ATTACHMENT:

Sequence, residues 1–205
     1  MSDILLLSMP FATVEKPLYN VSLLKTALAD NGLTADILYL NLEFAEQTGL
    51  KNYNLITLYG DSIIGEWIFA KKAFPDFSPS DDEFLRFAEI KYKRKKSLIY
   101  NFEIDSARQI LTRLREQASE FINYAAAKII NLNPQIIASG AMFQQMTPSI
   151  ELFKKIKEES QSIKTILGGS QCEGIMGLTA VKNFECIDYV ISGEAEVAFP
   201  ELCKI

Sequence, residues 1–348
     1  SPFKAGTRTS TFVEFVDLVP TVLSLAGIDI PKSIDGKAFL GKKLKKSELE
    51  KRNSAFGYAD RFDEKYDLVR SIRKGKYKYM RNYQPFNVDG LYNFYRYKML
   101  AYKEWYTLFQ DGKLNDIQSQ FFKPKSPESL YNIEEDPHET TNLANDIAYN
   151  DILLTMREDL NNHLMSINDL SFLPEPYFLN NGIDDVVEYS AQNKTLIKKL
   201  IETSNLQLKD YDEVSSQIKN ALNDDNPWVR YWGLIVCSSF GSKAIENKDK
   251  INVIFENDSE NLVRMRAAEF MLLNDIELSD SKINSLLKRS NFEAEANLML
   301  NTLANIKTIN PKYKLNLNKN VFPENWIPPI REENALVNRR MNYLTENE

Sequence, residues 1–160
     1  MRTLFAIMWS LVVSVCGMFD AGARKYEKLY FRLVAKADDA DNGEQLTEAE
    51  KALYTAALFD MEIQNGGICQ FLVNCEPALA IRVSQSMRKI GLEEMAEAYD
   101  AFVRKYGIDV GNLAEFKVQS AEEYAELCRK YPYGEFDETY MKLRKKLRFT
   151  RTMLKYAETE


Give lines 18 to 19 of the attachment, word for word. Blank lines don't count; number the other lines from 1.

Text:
   101  AFVRKYGIDV GNLAEFKVQS AEEYAELCRK YPYGEFDETY MKLRKKLRFT
   151  RTMLKYAETE